I think on the other hand there has been fear of how to generate returns that are going to meet plan needs or liability objectives which, you know, at certain points of this year might have been less onerous. But as we’re coming back to full evaluations in equity market, it’s wearing its hat again. So that’s that one area of looking through factors sitting at that middle ground where they can enhance return versus market cap, but they’re still able to provide exposure that’s lower cost in nature than active, that has a liquid profile to it and it’s very transparent in nature.
The second area that I mentioned was around completion opportunities. I think this one is particularly interesting as the technology around the factor investment ecosphere has evolved. So we and many others in the space have been running factor analysis for quite some time trying to help clients identify biases they might have in their portfolio, right. So given current trends in the market, managers might be drifting more towards quality or growth stocks.
And while this ability to analyze such a bias has existed now for a while, I think the way that we can all leverage technology and scalability in offering more of the scope factor, so we shouldn’t help lead these to more meaningful engagement in that case where there might be a growth bias, it’s easier today to manufacture and deliver a targeted value exposure than it had been years prior.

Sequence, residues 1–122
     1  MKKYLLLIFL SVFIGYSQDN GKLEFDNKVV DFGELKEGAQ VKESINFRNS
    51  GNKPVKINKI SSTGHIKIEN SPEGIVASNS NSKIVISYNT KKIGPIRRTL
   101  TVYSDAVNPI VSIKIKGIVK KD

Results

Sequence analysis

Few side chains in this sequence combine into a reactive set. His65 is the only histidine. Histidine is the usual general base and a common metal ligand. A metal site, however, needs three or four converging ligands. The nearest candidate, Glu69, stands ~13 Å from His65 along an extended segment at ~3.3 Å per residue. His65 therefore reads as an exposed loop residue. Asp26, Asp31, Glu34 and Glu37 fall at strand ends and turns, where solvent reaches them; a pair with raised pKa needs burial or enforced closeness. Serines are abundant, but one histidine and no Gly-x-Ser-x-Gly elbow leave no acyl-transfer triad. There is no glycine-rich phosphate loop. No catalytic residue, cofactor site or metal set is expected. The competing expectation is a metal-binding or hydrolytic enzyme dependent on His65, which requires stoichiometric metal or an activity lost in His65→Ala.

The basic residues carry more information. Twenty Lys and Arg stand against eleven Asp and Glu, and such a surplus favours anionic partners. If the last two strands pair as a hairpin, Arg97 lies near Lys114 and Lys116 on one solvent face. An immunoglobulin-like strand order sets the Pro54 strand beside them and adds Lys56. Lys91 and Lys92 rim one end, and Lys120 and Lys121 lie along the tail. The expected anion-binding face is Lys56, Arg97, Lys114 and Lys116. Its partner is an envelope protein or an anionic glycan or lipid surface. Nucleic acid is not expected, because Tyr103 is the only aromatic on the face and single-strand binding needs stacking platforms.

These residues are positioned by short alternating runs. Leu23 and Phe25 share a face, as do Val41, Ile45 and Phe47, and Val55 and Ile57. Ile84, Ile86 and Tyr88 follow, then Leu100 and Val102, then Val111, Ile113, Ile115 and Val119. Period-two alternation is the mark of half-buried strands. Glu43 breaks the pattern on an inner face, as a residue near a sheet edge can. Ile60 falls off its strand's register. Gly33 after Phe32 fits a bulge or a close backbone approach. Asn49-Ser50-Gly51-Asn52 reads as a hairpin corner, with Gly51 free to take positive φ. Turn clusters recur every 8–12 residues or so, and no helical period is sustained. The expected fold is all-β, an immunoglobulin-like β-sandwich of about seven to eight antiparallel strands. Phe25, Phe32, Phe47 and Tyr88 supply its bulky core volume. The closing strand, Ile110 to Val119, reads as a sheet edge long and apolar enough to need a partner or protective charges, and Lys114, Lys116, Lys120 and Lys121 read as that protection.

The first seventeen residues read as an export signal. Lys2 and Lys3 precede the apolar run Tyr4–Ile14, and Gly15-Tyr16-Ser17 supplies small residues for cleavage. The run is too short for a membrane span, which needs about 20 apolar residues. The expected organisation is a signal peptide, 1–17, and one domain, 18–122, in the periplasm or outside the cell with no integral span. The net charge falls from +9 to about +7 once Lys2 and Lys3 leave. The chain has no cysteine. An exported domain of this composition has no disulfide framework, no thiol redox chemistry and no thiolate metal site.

And I think the last area comes back to the targeted exposures or targeted outcomes. We’ve seen I guess coming back to quality which Yaz mentioned is helping given more defensive core, we’ve seen quality serve as an interesting filter alongside yield in certain markets. So whether it’s a dividend strategy or looking in at liquid real asset or infrastructure stocks, having a factor lens or in this case quality has created an interesting return profile for certain clients.
I think another area where you might mix different objectives would be the intersection between ESG and factor mandates. There you could think of ESG as in some ways playing another role similar to quality as a factor and just incorporating slightly more targeted exposure or more targeted outcome.